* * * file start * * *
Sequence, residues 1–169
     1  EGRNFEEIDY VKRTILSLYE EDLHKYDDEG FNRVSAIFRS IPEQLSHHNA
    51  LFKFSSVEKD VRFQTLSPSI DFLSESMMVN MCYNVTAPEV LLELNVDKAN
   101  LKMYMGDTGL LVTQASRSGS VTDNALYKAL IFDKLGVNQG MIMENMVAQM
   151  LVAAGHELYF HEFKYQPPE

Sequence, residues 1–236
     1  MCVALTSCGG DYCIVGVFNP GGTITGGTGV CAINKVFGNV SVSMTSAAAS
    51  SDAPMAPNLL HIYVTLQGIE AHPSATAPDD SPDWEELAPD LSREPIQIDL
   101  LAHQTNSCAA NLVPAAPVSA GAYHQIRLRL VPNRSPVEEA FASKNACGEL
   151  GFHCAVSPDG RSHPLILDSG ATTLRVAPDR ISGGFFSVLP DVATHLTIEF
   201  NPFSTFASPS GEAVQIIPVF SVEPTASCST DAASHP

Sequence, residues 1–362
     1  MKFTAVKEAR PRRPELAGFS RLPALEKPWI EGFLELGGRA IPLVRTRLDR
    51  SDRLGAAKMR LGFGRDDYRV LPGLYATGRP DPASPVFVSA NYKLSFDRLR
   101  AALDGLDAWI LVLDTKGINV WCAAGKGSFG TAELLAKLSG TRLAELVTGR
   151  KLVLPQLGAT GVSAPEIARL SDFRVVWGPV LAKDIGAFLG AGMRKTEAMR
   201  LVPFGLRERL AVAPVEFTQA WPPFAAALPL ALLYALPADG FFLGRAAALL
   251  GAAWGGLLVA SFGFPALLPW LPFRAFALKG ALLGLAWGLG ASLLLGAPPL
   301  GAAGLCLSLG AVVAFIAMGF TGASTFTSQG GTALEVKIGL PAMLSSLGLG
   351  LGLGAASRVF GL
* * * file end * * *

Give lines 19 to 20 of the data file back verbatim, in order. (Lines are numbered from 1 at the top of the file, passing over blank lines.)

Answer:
   301  GAAGLCLSLG AVVAFIAMGF TGASTFTSQG GTALEVKIGL PAMLSSLGLG
   351  LGLGAASRVF GL